I was trying to remember if, as a child, I'd ever had an imaginary friend. After some effort I could vaguely recall talking to myself sometimes but that was just me having a one-way conversation. I don't think I ever actually conjured up a little pal who was exclusively visible and accessible to me. Someone I could consult and play games with.
Photograph by Speckly Woo!
As I watch our three granddaughters growing up, I'm intrigued to see if any of them show signs of having imaginary friends. But, as yet, Speckly Woo! continues to have inventive conversations with her long suffering rag doll, Mary, and the 16 month old twins haven't developed a recognisable vocabulary. Most of the time, they burble away in their own little world. Some might say, like grandfather, like granddaughters.
The point is, 'their own little world' is a place we have no way of entering. We can only guess at what goes on there. For example, there are those eerie moments when a toddler's full attention is drawn to a point somewhere in middle distance. Question marks start to appear over your head. Even more inexplicable, the little darlings begin to smile at their new object of interest.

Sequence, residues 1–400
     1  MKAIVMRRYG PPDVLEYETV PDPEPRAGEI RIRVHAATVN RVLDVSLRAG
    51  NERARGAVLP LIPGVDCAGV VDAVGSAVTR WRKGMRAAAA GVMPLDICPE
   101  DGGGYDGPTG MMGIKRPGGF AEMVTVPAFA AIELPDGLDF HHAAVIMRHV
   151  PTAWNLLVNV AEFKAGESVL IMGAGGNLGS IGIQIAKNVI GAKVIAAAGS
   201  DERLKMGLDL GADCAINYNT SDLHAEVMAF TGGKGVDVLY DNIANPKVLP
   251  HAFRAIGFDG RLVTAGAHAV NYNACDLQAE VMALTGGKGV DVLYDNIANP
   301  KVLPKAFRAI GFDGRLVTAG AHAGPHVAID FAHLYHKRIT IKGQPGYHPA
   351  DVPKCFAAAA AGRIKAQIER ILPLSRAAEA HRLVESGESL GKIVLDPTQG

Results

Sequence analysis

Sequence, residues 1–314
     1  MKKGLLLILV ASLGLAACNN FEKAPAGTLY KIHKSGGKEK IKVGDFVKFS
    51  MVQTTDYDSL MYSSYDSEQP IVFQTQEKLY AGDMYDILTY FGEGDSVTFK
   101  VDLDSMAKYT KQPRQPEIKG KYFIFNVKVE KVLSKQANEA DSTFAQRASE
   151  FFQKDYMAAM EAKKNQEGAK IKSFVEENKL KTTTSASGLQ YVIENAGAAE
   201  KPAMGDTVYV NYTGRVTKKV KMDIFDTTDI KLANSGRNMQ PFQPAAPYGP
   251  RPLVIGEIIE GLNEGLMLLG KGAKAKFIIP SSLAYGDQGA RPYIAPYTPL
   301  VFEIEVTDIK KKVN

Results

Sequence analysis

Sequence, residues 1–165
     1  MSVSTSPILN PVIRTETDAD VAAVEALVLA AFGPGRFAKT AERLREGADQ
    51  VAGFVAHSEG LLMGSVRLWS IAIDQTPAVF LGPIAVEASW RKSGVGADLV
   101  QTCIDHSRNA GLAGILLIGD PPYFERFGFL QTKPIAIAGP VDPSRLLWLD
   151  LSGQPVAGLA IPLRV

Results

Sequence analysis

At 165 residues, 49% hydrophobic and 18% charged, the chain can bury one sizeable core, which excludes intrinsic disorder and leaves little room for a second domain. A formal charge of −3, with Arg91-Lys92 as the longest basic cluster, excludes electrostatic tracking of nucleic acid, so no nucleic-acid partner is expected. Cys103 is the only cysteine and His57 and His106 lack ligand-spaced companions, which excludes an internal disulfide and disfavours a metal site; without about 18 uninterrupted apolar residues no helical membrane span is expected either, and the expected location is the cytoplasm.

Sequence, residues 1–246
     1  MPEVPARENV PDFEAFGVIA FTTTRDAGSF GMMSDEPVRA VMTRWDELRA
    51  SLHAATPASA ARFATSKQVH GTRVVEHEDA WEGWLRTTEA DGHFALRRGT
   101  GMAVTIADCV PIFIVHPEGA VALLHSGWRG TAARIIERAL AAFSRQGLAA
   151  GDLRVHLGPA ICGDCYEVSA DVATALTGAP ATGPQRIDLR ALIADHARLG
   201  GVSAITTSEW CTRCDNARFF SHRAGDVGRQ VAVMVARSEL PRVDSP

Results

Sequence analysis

I have read theories that small children may use levels of consciousness that recede or get overtaken as they pass the two year mark. As always, there's a danger that we adults may place a heavily speculative label on that which we don't fully understand. When our daughter was about two and a half, we told her about our wedding. She listened intently before declaring, "I was there. They carried me in on a pink cushion." It's reasonable to expect that my instant reaction would be to try and work out what had given her that idea. On the contrary, I was more intrigued to know who 'they' were.
© 2010, copyright Martin T. Hodges